Answering the question of why people are so attracted to timber frames and to wood , Holloway returns to the ideal. “There is a dream to live in a house which actually elevates your spirits and changes your consciousness. We’ve been so bludgeoned into accepting the box”, he believes, “that we no longer notice the difference.” But the timber frame dream is about, physically changing your state of being, closely akin to the dream of the natural home movement” “Building used to be the provenance of the very wealthy, now everybody wants to do it, and the vast majority of say, the British population can”. The public, he says, are unusally interested in timber buildings, “want a building which will elevate their senses, their sense of being. With galleys and open spaces, and with the beauty of construction as part of the building they are in.”
Carpenter Oak’s Moffat House, a cruck frame which was featured on the Grand Designs TV programme (Carpenter Oak & W0odland)
The sustainability dimension of this phenomena occurs almost by default. Overall, British forestry is in overproduction. On a year-by-year basis the degree of woodland covering the country increases annually, with the amount being cut for timber and smaller wood use comprising a smaller segment than the annual additional growth. This is another arrow in the quiver for those who contend that wood based building is the most consistently sustainable of forms, along with wood being a renewable material, as opposed to steel, concrete or glass; wood after all replenishes, growing again and again. Not only this but wood acts as a carbon sink “ storing carbon and potentially lowering the releases of carbon dioxide into the atmosphere. Production of man-made materials does just the opposite. Ironically the vast majority of timber used in British building comes not from local indigenous woods, but from relatively distant, cheap sources, notably, historically from around the Baltic basin. Initiatives of varying kinds are being developed to encourage the further growth of local timber construction, for instance, the TimberBuild Network and, in East Sussex, the Flimwell Woodland Enterprise Centre. Together, helped by the Internet, they are working to connect wood suppliers to people wanting to build close to the supply, thus reducing another element in the ecological footprint: transportation of materials.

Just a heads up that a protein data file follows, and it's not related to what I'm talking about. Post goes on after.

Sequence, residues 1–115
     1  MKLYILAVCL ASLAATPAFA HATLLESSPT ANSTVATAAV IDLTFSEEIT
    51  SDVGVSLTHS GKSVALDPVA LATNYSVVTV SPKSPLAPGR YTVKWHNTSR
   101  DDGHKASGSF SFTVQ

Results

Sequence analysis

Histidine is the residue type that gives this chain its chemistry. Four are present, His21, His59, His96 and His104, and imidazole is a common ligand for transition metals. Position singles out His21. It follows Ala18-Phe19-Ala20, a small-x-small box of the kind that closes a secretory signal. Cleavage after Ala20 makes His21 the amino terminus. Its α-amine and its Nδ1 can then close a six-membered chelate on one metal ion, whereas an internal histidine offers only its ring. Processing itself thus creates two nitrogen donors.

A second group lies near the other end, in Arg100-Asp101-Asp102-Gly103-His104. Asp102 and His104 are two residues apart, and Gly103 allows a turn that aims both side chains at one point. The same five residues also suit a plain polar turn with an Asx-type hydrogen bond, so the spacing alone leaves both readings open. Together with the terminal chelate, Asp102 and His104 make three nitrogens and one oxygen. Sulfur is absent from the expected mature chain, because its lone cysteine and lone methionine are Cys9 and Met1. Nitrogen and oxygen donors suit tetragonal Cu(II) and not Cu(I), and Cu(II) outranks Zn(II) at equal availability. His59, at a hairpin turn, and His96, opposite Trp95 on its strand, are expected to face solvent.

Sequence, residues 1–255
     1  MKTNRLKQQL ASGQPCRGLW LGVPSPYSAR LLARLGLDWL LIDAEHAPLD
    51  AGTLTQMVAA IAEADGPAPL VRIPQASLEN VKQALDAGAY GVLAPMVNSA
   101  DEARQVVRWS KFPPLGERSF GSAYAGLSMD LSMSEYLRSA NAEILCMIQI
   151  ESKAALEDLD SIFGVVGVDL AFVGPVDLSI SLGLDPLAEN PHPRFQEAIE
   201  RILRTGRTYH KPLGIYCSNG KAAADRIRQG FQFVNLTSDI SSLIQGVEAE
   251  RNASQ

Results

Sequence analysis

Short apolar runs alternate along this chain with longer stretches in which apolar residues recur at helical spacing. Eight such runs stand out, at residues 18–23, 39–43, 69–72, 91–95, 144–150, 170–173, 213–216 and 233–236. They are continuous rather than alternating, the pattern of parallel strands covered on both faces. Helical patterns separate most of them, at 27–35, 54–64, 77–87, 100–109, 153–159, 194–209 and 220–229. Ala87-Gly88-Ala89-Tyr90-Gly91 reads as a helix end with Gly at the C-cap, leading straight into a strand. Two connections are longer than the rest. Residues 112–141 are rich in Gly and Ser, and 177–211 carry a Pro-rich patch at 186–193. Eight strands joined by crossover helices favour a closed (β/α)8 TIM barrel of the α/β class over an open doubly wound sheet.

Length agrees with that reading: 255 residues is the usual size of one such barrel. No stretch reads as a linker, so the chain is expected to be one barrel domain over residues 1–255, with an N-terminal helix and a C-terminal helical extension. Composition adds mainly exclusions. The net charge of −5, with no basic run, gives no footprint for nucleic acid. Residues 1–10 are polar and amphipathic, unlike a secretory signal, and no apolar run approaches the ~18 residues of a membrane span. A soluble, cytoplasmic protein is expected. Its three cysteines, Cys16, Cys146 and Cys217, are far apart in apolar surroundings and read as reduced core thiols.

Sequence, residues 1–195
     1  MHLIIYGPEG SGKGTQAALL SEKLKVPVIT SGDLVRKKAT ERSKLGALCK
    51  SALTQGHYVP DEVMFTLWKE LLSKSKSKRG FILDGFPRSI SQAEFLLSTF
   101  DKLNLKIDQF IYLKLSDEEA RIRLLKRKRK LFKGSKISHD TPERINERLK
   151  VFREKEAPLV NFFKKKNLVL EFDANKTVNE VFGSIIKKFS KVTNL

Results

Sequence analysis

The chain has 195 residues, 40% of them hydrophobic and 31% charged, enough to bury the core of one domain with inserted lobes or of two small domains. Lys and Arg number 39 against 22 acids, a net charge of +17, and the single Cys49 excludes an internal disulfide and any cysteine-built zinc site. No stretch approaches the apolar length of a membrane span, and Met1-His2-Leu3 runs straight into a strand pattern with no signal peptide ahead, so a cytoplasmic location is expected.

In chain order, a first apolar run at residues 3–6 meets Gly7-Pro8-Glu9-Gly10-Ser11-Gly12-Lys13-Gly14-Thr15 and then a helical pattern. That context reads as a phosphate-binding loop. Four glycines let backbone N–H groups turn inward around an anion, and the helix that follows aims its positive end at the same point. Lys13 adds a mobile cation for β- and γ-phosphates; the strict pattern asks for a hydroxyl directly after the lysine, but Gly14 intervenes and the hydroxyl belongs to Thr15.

The immediately relevant element in this story however, is that a skill and physical knowledge that was on its knees has survived a protracted period of adversity and is bouncing back, almost flourishing. Almost, as there are still no professional courses apart from NVQ (“a joke” says Holloway) since its one-time educational stronghold, the City & Guilds courses, were abandoned to the progressive corporatisation of knowledge in the early years of Thatcherism. Often enough, on larger projects, carpenters have had to be recruited from as afar afield as Germany and Canada. This said, where other companies could be counted on one hand ten years ago, and a dozen companies five or six years ago, Andrew Holloway says there are probably a hundred operating today, many seeded from Carpenter Oak and Woodland and a fair few from Green Oak. “The way it should be”, he comments. The future for wood construction is brightening distinctively. Indeed, from one-off woodland projects such as Ben Law’s very popular Prickly Nutwood home – which struck such a sympathetic chord with the tele-viewing public through the Channel 4 programme Grand Designs – to Green Oak’s latest project, a new Gridshell twice the size of Weald & Downland in Windsor’s Great Park going up in the next two years, it may be that the timberbuild renaissance is only just beginning.
A version of this article was originally published in Resurgence in may/june 2005 issue, no 230